9. Thou shalt dramatize thine exposition. Put simply “show don’t tell.” In prose this means have your characters reacting to an event, not talking about it. But isn’t our job to tell people how to do something? Yes it is, but the key word is “how.” Replace long descriptive texts on operational theory with a few active steps the user can take themselves, that demonstrates the product, and they will gain a quicker understanding. People learn more by doing than they do by being told.

10. Thou shalt rewrite. Do I need to explain this one? Plan your schedule with time to write, have someone else review, and rewrite. Best of all scenarios is to write, have someone actually use your draft to accomplish the tasks you have written about, get feedback. Better yet, watch them try to use your docs. Then go back and rewrite based on your observations. They say that any good piece of art is never finished. Writing is art, even Tech Writing. You can always improve on what you’ve done.

Know Your Muppets.

I may have been the only one in the room who noticed, or even cared, but it annoyed me.

During a recent presentation by a top industry analyst they referenced an on-line marketing campaign that had featured The Muppets. On one PowerPoint slide there was a picture of Kermit The Frog.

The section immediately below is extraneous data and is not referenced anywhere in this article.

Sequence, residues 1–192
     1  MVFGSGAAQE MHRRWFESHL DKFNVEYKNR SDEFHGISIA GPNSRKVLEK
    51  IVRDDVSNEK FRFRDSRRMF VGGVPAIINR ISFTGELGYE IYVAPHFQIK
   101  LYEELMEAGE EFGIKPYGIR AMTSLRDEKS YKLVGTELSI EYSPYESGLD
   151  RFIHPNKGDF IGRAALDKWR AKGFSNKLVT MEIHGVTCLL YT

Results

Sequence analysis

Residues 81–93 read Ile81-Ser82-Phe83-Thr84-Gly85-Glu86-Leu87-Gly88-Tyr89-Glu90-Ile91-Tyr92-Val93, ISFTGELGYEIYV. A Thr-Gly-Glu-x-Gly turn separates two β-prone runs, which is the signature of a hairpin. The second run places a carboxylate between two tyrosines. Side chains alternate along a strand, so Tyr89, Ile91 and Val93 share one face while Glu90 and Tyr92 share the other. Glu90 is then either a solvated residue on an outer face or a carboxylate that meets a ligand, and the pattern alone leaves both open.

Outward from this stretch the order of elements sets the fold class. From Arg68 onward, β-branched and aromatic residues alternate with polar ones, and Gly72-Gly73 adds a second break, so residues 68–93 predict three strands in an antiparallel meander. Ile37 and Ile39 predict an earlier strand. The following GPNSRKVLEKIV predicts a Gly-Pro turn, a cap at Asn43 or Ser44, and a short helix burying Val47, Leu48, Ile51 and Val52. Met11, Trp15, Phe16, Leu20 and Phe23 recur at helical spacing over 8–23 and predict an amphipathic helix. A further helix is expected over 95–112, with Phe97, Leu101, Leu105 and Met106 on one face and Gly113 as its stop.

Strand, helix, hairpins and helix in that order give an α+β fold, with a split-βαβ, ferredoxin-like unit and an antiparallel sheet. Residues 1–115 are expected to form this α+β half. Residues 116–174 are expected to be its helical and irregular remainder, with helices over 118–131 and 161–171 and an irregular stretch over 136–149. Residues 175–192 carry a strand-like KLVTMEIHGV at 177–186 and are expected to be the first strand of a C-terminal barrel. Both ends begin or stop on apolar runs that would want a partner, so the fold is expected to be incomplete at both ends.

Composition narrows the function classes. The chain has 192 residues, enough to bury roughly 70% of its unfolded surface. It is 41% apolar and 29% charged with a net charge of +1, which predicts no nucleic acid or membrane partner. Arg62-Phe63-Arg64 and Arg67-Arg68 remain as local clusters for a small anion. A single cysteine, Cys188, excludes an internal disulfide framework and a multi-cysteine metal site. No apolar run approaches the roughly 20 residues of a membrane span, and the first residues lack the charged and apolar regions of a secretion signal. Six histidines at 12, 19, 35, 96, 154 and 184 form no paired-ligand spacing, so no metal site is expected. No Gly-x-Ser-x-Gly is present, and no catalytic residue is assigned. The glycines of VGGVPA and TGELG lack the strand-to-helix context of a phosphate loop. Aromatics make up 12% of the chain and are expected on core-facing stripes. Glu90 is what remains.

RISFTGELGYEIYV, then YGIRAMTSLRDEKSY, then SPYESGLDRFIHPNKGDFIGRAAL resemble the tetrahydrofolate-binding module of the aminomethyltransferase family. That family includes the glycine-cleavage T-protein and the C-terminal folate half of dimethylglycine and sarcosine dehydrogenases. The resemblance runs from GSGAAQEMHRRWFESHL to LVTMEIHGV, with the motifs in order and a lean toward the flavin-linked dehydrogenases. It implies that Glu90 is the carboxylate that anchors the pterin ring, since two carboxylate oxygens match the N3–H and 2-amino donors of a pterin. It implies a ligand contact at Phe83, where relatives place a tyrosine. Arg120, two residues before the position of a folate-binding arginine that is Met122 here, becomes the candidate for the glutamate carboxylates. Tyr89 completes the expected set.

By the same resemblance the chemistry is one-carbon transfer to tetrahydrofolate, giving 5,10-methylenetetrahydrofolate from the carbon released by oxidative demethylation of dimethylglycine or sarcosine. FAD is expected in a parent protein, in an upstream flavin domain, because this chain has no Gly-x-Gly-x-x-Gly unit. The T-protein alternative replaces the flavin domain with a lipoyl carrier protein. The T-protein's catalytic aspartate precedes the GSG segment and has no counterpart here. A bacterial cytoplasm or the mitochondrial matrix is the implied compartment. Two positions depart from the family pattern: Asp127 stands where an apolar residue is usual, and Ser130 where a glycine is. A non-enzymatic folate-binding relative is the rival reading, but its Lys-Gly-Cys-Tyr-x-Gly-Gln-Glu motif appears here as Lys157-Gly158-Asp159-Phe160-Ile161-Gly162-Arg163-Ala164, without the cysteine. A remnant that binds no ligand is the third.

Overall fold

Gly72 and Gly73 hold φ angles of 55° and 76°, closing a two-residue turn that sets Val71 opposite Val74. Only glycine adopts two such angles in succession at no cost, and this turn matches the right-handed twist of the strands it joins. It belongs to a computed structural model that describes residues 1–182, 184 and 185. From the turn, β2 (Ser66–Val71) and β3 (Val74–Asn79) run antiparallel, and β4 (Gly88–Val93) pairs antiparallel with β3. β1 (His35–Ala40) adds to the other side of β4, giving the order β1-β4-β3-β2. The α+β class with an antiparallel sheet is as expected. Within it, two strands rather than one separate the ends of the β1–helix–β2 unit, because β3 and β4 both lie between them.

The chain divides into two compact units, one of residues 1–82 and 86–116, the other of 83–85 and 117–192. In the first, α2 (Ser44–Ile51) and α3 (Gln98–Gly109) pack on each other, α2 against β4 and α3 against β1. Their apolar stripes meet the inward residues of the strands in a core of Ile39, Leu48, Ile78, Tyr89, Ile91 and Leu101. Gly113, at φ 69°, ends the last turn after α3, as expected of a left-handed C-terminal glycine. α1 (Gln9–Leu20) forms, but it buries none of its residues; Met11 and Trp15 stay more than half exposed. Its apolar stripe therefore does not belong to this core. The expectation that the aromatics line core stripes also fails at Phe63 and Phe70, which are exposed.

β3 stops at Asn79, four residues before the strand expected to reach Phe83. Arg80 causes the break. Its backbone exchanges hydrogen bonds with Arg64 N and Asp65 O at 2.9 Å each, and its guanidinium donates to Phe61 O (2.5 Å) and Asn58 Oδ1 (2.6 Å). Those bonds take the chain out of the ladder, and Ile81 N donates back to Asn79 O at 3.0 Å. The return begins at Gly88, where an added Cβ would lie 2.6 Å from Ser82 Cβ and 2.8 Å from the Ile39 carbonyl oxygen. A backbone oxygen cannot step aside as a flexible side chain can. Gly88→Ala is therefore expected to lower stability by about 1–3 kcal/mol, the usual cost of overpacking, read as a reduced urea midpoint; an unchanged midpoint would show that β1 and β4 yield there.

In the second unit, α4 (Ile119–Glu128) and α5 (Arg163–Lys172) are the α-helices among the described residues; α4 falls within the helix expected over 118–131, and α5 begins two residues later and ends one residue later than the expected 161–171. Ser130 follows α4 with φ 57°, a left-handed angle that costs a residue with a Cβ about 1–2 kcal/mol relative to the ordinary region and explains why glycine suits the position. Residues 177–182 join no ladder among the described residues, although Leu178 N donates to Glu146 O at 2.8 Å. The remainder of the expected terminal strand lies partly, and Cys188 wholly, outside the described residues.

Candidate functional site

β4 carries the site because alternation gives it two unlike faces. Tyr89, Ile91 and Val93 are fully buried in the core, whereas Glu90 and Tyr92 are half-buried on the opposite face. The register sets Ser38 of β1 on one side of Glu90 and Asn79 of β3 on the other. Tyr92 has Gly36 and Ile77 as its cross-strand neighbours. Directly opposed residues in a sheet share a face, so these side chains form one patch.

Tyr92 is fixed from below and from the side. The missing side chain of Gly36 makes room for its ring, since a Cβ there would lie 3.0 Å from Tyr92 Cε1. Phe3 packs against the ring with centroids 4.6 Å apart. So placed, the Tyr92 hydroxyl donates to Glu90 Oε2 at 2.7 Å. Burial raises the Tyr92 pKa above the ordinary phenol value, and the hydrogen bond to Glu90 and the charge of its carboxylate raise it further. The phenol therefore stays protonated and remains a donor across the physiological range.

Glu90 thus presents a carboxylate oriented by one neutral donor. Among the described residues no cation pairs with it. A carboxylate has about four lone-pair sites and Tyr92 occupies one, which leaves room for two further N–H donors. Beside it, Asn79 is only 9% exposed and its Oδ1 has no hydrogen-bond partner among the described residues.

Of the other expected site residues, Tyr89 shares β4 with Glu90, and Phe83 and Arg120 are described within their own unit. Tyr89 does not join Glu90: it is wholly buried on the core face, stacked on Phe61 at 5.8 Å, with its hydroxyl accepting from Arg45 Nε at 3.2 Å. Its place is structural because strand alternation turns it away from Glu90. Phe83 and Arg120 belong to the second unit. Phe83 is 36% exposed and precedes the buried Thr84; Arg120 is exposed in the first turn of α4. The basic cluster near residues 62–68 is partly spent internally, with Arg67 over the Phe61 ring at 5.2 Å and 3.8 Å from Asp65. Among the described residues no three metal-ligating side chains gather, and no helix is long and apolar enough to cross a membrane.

The analyst proudly said something along the lines of “As you can see this campaign was aimed at children because it uses the characters from Sesame Street.”

My geek-alert radar triggered at the mistake. Kermit is of course not a Sesame Street character, but  the leader of The Muppets. It was an innocent enough mistake, even an understandable one. But it was compounded by the fact that I knew a little about the campaign being referenced, which was in fact not aimed at children, but their parents.

The consultant immediately dropped a couple of notches on my internal credibility monitor.

In fact during the day the same consultant made a few pop-culture references, and I could tell that they didn’t really understand the context of what they were saying.

This got me thinking about my own presentations. I’m a self confessed geek, I even have a T-shirt declaring the fact, so I have a tendency to pepper my conversations with pop-culture references. The same applies to a lot of presentations I do, more so in public conferences than during internal meetings. But, I always make sure those references are related to things I know about; I’d never make an on-line gaming or baseball reference as I have no interest, or reference, for either.